The best and easiest time to gather this information is up-front, in a job information sheet or other job-intake form.  Additionally, any employees actually sent out to the field should be able to note the API number, and this “blank” for this number should be added to a relevant form used in the field.  For suppliers, it is important to gather this information before shipping any materials.

2. Send the Requisite Notice

After a collection issue arises, first, we typically recommend that all clients provide notice of intention to file a lien.  After receiving this notice, we often see that operators , because it often gives a strong incentive to cooperate and negotiate.  In this regard, this notice functions similarly to a “Demand Letter,” in giving the debtor push or incentive to finally come to the bargaining table.

However, technically speaking, only “mineral subcontractors” are required to send notice under Texas Law. Generally, a “mineral subcontractor” is a company that provides materials or services, and has no direct contact with the mineral owner (which under the Texas statute includes lessees).

As a side-note, one major road-block for mineral subcontractors are they they are often directly hired by the operator, but the operator typically is not a lessee!

3. Identify the Lease, Legal Description of the Land, and Working Interest Owners

Unlike most instruments affecting title to real property, such as a conveyancing instrument, assignment, deed, or stipulation of interest, a Mineral Lien is not subject to the stringent requirements under the Statute of Frauds. This is because, according to Texas Law, the mineral lien statute is to be liberally construed in favor of lien claimants. In this regard, the 5th Circuit has approved use of Railroad Commission plats of the well/lease referenced and attached to a lien as being sufficient for a property description.   Nevertheless, this is often the most time-consuming task.

If this information is not readily available, your attorney may suggest hiring a landman to search for, and copy, the relevant real property records. These records can then be used by the attorney to examine the chain of title and identify the record title working interest owner(s), lease and legal description.  This information is all crucial to the Lien Affidavit described in the next step.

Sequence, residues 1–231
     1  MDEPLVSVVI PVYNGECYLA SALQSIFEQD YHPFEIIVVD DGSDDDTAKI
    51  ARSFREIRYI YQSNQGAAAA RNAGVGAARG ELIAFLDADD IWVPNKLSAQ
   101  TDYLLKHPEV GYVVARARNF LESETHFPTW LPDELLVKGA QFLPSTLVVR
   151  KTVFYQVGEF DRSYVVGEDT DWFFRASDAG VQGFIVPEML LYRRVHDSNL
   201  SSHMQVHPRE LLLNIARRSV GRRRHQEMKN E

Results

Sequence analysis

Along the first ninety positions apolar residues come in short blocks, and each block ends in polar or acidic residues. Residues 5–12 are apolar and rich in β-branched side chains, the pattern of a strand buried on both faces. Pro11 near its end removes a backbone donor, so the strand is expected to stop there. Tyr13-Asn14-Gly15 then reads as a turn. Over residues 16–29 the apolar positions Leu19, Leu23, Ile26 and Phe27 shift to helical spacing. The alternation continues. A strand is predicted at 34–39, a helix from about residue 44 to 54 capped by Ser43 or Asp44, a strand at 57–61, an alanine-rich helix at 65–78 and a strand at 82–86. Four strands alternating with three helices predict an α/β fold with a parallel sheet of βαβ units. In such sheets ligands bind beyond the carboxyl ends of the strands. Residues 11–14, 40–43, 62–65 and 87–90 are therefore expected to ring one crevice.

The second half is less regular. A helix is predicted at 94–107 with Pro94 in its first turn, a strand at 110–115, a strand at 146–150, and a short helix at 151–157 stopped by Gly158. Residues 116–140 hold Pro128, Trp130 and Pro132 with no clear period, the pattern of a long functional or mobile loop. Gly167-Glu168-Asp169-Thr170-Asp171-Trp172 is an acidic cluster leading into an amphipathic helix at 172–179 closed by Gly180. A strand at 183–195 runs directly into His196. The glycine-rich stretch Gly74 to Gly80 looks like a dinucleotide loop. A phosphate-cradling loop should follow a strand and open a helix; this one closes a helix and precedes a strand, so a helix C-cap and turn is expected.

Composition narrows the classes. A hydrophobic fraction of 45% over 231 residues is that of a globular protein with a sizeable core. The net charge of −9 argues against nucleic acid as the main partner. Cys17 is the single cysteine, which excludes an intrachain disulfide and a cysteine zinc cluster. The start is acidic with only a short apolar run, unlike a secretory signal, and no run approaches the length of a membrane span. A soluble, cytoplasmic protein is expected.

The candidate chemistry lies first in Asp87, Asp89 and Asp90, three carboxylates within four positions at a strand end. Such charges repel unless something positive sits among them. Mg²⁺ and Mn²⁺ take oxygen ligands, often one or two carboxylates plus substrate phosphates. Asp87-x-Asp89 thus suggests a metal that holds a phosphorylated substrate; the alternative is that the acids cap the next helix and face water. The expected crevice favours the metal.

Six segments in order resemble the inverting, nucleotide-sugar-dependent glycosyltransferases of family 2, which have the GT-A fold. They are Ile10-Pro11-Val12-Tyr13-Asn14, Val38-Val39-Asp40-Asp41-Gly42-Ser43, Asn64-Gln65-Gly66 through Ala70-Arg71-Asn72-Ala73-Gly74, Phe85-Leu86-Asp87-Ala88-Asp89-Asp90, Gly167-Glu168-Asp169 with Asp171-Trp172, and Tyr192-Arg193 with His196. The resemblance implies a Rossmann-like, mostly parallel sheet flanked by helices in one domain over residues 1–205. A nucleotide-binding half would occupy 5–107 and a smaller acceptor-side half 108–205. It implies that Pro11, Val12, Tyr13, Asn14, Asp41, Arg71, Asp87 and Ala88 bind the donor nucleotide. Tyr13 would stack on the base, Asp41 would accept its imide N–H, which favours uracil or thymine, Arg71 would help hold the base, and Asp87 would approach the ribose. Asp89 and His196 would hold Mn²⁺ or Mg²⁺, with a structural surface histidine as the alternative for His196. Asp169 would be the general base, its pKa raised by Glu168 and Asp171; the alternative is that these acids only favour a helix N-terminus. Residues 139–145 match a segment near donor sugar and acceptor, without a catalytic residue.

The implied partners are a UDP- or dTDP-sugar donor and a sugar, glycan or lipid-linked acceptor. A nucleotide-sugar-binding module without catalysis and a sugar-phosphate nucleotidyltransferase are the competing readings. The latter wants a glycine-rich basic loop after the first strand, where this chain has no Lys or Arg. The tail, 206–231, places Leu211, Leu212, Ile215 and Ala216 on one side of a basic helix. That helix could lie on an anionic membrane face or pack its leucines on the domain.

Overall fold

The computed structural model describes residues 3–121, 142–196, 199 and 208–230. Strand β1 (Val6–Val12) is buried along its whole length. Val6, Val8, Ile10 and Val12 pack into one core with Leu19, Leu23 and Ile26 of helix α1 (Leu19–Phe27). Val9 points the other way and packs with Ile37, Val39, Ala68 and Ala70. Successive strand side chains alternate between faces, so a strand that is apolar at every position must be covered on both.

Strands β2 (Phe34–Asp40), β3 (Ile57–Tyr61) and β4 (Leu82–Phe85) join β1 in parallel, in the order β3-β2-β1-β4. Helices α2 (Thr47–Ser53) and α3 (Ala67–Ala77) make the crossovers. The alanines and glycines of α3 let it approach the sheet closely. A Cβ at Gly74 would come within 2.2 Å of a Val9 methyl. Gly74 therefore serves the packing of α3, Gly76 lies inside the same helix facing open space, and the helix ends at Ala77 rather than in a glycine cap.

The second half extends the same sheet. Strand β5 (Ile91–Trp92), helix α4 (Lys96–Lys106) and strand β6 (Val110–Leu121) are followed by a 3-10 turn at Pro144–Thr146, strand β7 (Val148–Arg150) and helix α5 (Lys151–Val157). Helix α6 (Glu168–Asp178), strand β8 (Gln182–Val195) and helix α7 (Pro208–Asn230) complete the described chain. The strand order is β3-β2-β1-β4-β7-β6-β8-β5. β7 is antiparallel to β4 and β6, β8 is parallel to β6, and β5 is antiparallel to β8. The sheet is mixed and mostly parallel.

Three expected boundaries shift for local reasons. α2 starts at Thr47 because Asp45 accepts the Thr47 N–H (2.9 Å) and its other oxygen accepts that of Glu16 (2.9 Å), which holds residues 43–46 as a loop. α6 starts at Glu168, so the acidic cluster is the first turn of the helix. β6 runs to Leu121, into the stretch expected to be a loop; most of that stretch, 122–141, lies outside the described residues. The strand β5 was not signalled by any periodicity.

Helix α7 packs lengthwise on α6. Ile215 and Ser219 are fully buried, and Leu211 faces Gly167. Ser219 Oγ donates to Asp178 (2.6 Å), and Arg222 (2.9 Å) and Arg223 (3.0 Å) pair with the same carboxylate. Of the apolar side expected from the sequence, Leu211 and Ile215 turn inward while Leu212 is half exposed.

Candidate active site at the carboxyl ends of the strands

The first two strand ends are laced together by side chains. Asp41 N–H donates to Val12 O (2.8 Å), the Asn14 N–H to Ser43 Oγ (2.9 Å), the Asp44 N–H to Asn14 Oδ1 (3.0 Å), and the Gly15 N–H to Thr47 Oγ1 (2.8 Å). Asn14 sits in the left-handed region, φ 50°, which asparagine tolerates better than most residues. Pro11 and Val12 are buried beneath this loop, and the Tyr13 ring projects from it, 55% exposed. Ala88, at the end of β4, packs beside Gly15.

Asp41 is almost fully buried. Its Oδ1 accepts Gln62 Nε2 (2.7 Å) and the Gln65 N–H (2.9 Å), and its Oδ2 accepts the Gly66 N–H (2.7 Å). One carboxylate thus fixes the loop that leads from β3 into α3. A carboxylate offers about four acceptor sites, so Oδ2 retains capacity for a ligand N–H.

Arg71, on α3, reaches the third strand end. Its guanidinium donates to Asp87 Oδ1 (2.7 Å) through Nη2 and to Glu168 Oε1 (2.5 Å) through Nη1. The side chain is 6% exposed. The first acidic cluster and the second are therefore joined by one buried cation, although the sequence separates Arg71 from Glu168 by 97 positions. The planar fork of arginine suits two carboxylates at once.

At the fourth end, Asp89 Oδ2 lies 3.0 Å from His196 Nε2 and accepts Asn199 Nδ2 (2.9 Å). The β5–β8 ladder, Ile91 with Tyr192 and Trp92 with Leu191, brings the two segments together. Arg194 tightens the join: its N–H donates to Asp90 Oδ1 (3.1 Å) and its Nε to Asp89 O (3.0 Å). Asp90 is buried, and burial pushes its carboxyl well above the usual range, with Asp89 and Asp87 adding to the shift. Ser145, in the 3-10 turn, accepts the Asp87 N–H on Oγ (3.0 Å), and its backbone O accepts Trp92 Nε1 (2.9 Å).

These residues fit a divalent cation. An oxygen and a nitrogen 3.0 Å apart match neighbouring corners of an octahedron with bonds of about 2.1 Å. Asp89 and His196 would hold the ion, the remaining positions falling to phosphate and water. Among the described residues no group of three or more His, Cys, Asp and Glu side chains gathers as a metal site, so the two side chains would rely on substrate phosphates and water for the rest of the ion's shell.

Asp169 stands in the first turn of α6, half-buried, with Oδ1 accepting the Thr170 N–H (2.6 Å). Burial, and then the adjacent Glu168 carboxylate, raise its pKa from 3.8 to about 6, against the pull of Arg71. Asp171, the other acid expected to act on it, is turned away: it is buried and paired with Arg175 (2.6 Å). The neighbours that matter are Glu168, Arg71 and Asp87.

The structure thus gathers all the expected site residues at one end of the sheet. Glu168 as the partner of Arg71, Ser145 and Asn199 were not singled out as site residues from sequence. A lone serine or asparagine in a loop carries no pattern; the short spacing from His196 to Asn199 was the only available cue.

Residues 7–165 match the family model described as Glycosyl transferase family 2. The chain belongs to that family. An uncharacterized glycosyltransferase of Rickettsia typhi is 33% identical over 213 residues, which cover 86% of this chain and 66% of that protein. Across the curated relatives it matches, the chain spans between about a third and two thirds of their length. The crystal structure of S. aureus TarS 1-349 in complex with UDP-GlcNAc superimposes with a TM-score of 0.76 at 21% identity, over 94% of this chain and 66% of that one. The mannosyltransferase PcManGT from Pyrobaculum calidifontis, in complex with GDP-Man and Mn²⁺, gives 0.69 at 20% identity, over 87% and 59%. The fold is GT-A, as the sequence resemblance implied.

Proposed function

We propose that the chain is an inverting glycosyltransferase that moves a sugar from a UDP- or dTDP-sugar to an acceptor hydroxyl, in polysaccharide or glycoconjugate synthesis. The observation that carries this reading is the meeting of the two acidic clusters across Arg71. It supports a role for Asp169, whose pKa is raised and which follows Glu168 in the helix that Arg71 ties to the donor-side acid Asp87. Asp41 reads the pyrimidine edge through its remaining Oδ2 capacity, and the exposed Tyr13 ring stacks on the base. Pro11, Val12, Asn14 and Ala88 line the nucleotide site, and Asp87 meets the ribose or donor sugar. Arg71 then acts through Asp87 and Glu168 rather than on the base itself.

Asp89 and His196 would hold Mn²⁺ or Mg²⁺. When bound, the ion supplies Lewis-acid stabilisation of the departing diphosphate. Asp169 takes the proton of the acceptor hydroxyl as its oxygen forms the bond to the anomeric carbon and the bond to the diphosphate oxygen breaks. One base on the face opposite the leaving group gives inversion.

4. File the Lien Affidavit.. correctly and on time!

When to File: In Texas, a Lien Affidavit must be filed within six months after labor or materials were last furnished. One word of caution is that you should not wait until the last few days, as county clerks sometimes fail to record lien affidavits on the same day they are received.  Note: due to a specific exception, Mineral Liens can be filed post-bankruptcy petition without being considered a violation of automatic stay!

What to File: In Texas, a Lien Affidavit must contain:

  • name of the mineral property owner
  • contractor’s name and mailing address
  • dates of performance or furnishing materials
  • description of the land, leasehold interest, pipeline, or pipeline right-of-way involved
  • itemized list of amounts claimed

Additional Requirements for “Mineral Subcontractors”:

  • name of person or entity for whom labor was performed or material was furnished/hauled;
  • a statement that the “mineral subcontractor” timely served written notice that the lien is claimed on the property owner, or his agent, representative, or receiver.

Where to File: in the county in which the lien property is situated.

5. Send Notice of the Lien Affidavit

Again, this isn’t required, but is a smart move.  Similar to a “Final Demand Letter,” this letter informs the parties that the lien has been filed.  We recommend sending this notice, because it can serve to give the debtor one final push to resolve the issue prior to suit being filed.  Once a suit is filed, all parties involved will incur additional costs, not to mention the time involved.  Many debtors will realize this and avoid it by resolving the debt before the suit is filed.